Sunday, 27 June 2010

Summer in London


London has passed out from the heat. She is lying flat on her back, sweating horridly, with a handkerchief tied around her head. Occasionally she thinks about buying an ice cream. Her skin is as red as a pepper. Dickens put it much better than I. Here is a little something from the nineteenth chapter of Bleak House.

It is the hottest long vacation known for many years. All the young clerks are madly in love, and according to their various degrees, pine for bliss with the beloved object, at Margate, Ramsgate, or Gravesend. All the middle-aged clerks think their families too large. All the unowned dogs who stray into the Inns of Court and pant about staircases and other dry places seeking water give short howls of aggravation. All the blind men's dogs in the streets draw their masters against pumps or trip them over buckets. A shop with a sun-blind, and a watered pavement, and a bowl of gold and silver fish in the window, is a sanctuary. Temple Bar gets so hot that it is, to the adjacent Strand and Fleet Street, what a heater is in an urn, and keeps them simmering all night.

There are offices about the Inns of Court in which a man might be cool, if any coolness were worth purchasing at such a price in dullness; but the little thoroughfares immediately outside those retirements seem to blaze. In Mr. Krook's court, it is so hot that the people turn their houses inside out and sit in chairs upon the pavement—Mr. Krook included, who there pursues his studies, with his cat (who never is too hot) by his side. The Sol's Arms has discontinued the Harmonic Meetings for the season, and Little Swills is engaged at the Pastoral Gardens down the river, where he comes out in quite an innocent manner and sings comic ditties of a juvenile complexion calculated (as the bill says) not to wound the feelings of the most fastidious mind.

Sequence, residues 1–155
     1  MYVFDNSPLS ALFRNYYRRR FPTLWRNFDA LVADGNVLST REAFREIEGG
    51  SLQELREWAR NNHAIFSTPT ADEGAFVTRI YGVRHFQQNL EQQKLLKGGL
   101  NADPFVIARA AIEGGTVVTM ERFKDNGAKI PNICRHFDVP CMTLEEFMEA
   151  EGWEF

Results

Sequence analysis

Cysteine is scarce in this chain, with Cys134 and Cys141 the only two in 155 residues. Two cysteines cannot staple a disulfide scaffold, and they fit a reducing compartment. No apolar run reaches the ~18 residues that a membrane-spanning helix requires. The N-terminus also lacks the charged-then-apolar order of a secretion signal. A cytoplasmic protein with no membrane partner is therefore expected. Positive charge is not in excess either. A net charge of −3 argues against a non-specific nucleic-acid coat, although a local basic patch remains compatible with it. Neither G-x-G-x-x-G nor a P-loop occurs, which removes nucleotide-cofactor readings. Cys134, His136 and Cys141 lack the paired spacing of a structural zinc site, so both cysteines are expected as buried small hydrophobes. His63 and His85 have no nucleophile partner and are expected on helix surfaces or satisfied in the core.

I am sure that my readers in warmer climes will scoff at this post, but that is merely because they don't understand. London is not designed to be hot. We have no air-conditioning. I own two pairs of shorts and one of those is so little worn that it still has a school name-tape sewn inside.

Nobody has ever thought to put a bench in the shade. The best a Londoner can do is to shelter from the sun under awnings that usually protect him from the rain and hail. It is for this reason that the Bible reads so strangely to an Englishman: heat and sun are curses, rain and shade God's promises. Only on days like this can an Englishman's heart pant for cooling streams.

I am now off to sit in a square in Bloomsbury in direct and perfect imitation of Dickens. I would follow the clerks to Margate, but all I seem to do there is sandily connect nothing with nothing.


The Inky Fool's method for keeping cool got rather out of control

3 comments:

  1. These are days on which I am so glad I moved from London to Warwickshire, where it is warm, but not hot, and one can eat an icecream before it plunges, melted, down your shirt.

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  2. And then I find myself walking past Dickens' house on John Street.

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  3. The Antipodean28 June 2010 at 15:51

    I scoff, hear me.

    That is an good point regarding benches, though. Illustrative.

    We have had days of below zero temperatures. Well, early mornings. Two of them. The days were quite nice, actually.

    Anyway, swap?

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